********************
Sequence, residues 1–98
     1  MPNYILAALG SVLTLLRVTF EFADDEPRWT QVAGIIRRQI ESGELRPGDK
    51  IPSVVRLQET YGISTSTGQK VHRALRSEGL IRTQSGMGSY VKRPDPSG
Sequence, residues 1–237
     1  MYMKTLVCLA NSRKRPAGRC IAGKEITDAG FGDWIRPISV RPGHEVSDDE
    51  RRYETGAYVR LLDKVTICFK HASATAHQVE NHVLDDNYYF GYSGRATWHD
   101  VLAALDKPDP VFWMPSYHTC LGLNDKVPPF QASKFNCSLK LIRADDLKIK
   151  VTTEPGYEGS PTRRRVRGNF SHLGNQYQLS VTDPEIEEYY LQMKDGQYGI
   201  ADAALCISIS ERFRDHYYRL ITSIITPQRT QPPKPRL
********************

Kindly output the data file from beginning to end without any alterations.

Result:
Sequence, residues 1–98
     1  MPNYILAALG SVLTLLRVTF EFADDEPRWT QVAGIIRRQI ESGELRPGDK
    51  IPSVVRLQET YGISTSTGQK VHRALRSEGL IRTQSGMGSY VKRPDPSG
Sequence, residues 1–237
     1  MYMKTLVCLA NSRKRPAGRC IAGKEITDAG FGDWIRPISV RPGHEVSDDE
    51  RRYETGAYVR LLDKVTICFK HASATAHQVE NHVLDDNYYF GYSGRATWHD
   101  VLAALDKPDP VFWMPSYHTC LGLNDKVPPF QASKFNCSLK LIRADDLKIK
   151  VTTEPGYEGS PTRRRVRGNF SHLGNQYQLS VTDPEIEEYY LQMKDGQYGI
   201  ADAALCISIS ERFRDHYYRL ITSIITPQRT QPPKPRL